Common Errors and Misconceptions in Writing Business Card Titles
What’s in a title? A lot, especially if it is placed on a business card. Business card titles are one of the main highlights of this identity card.
Look at how much information is written there. There’s your name, company or organization, phone number, cellphone number, office address, email address and your title, of course. Given the very limited space of business cards, usually set at 2″ x 3.5″, you need to put in only the most significant information about you. And these are not just to tell people about your contact details. It is also a powerful tool to build a big impression, especially if you have a nice title to go with a sleek business card.
Notice that you really can’t include anything much other than the data mentioned above. This means that, unlike brochures, postcards, flyers and other advertising tools, you cant say much about who you are, what you do and what you are offering. With business cards, recipients pretty much have a lot of deducing to do from the info found in the card, especially from the business card titles and logos.
Having an office space in a posh and renowned commercial district leaves a mark. Being in a company that belongs to the Fortune 500 list is even more impressive, but having a highly regarded title/position either because of your educational achievements like getting a Doctor of Philosophy degree, or due to your well-deserved rise in the company hierarchy as vice president certainly speaks a lot about who you are and what you are capable of. So isn’t it important that you write it properly?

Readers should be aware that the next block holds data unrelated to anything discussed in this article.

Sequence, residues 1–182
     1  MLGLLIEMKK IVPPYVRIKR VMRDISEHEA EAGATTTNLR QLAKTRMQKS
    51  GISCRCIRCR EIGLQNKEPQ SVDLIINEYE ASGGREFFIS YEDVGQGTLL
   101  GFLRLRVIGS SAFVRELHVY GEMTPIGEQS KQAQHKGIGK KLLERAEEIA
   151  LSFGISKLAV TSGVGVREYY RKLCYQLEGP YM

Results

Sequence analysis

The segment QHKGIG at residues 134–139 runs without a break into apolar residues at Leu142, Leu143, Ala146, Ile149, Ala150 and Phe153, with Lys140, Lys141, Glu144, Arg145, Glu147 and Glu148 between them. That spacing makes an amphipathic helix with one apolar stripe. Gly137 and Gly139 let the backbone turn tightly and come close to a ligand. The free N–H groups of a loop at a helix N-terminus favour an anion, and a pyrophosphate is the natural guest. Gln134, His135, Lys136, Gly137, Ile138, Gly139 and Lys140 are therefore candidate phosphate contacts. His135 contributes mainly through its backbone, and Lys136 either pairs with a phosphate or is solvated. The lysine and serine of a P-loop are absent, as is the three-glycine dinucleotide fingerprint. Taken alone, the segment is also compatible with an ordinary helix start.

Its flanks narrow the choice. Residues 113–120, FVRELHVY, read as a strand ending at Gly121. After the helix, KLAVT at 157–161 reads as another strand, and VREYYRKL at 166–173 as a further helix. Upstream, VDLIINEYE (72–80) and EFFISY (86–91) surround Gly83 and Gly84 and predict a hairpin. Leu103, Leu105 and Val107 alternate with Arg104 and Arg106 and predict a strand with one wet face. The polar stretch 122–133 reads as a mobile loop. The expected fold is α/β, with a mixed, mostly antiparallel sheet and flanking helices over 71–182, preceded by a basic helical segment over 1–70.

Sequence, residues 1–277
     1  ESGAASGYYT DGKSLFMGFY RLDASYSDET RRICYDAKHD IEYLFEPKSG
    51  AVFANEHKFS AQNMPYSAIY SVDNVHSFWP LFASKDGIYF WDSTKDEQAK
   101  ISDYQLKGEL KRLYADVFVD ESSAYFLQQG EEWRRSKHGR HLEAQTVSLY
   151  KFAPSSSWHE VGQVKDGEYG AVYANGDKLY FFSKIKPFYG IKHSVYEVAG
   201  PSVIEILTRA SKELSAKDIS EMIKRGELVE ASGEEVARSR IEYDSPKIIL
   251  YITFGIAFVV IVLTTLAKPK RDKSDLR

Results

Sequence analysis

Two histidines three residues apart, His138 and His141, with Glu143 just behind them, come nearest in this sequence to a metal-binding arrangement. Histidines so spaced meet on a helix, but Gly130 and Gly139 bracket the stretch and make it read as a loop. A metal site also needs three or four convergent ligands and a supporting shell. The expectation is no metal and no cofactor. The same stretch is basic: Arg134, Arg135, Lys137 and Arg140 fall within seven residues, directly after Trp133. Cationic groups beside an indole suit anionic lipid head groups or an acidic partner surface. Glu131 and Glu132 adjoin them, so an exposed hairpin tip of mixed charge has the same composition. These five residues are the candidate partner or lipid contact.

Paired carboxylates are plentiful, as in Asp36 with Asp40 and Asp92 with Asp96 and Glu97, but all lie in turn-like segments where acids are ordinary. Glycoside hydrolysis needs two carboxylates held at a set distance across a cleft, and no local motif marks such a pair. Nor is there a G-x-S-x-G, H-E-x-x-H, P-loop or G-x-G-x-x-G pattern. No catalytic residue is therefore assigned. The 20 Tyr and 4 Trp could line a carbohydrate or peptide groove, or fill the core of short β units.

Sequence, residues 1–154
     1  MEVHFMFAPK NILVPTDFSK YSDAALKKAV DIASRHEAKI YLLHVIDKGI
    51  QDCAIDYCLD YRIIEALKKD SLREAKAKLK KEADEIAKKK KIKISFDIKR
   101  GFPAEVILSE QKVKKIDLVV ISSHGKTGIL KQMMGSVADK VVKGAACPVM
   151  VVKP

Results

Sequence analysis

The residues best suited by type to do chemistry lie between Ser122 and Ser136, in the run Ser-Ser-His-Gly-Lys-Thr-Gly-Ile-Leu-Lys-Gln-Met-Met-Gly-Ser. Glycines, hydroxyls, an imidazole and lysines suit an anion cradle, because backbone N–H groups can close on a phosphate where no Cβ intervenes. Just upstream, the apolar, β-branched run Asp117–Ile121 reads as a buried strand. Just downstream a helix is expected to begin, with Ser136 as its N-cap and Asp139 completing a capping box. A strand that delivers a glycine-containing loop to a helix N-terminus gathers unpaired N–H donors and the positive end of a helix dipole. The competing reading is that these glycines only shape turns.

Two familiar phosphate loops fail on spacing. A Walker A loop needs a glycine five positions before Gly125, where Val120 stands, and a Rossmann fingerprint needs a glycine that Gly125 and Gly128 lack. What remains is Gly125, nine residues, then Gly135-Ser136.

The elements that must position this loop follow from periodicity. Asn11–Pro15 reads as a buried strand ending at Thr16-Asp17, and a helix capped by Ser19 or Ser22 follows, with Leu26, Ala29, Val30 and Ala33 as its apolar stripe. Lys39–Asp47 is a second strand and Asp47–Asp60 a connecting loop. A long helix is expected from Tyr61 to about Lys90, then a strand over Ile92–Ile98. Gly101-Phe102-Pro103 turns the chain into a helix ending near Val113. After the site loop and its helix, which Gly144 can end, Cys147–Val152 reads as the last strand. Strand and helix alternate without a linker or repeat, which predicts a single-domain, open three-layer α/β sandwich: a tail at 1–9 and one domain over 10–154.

Of errors and misconceptions
A person with a degree in Medicine is a doctor, and earns the suffix M.D., but should you write ‘Dr. John Doe, M.D.’? Some people do. Here are some of the common errors in title-writing that you should avoid:
- Do not include both your degree and your title. Choose one.
For doctors, either write ‘John Doe, M.D.’, or ‘Dr. John Doe’. If you are done with your doctorate degree, write ‘Dr. John Doe’ or ‘John Doe, PhD’. Lawyers, on the other hand, can write either ‘Atty. John Doe’ or “John Doe, Esq.’
The same follows if you have different titles like CPA and Esq. Do not write ‘Atty. John Doe, CPA’.
- Do not place ‘Mr.’ or ‘Ms.’ before your name in business cards.
Don’t write Mr. John Doe’ on your business card. ‘Mr. John Doe, M.D.’ is especially a big no-no. This also applies to other writings. Do not use ‘Mr.’ if you want to include your title or degree in your name.
- Not all Abbreviations and Acronyms require periods.
PhD should actually be written as Ph.D. but more recently, the former has become accepted and widely used. The same goes for MD. Some of the other proper abbreviations and acronyms include: D.Ed. (Doctor of Education), D.M.D. (Doctor of Dental Medicine), RD (registered dietitian), RN (registered nurse), CEO (chief executive officer) and COO (chief operating officer).
So remember, before you venture into online printing for your next set of cards, check if the business card title is written correctly. It should be an asset, not a turn-off.